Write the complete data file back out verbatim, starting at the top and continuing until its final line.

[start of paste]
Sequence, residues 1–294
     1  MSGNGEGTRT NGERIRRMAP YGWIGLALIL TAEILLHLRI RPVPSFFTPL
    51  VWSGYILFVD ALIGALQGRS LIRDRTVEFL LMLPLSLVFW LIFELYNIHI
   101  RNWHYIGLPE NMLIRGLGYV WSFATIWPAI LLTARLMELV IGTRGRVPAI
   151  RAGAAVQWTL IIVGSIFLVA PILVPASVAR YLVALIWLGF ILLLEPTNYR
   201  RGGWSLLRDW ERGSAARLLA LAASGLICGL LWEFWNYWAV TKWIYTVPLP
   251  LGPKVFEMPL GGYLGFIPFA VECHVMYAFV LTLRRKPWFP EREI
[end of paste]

Sequence, residues 1–294
     1  MSGNGEGTRT NGERIRRMAP YGWIGLALIL TAEILLHLRI RPVPSFFTPL
    51  VWSGYILFVD ALIGALQGRS LIRDRTVEFL LMLPLSLVFW LIFELYNIHI
   101  RNWHYIGLPE NMLIRGLGYV WSFATIWPAI LLTARLMELV IGTRGRVPAI
   151  RAGAAVQWTL IIVGSIFLVA PILVPASVAR YLVALIWLGF ILLLEPTNYR
   201  RGGWSLLRDW ERGSAARLLA LAASGLICGL LWEFWNYWAV TKWIYTVPLP
   251  LGPKVFEMPL GGYLGFIPFA VECHVMYAFV LTLRRKPWFP EREI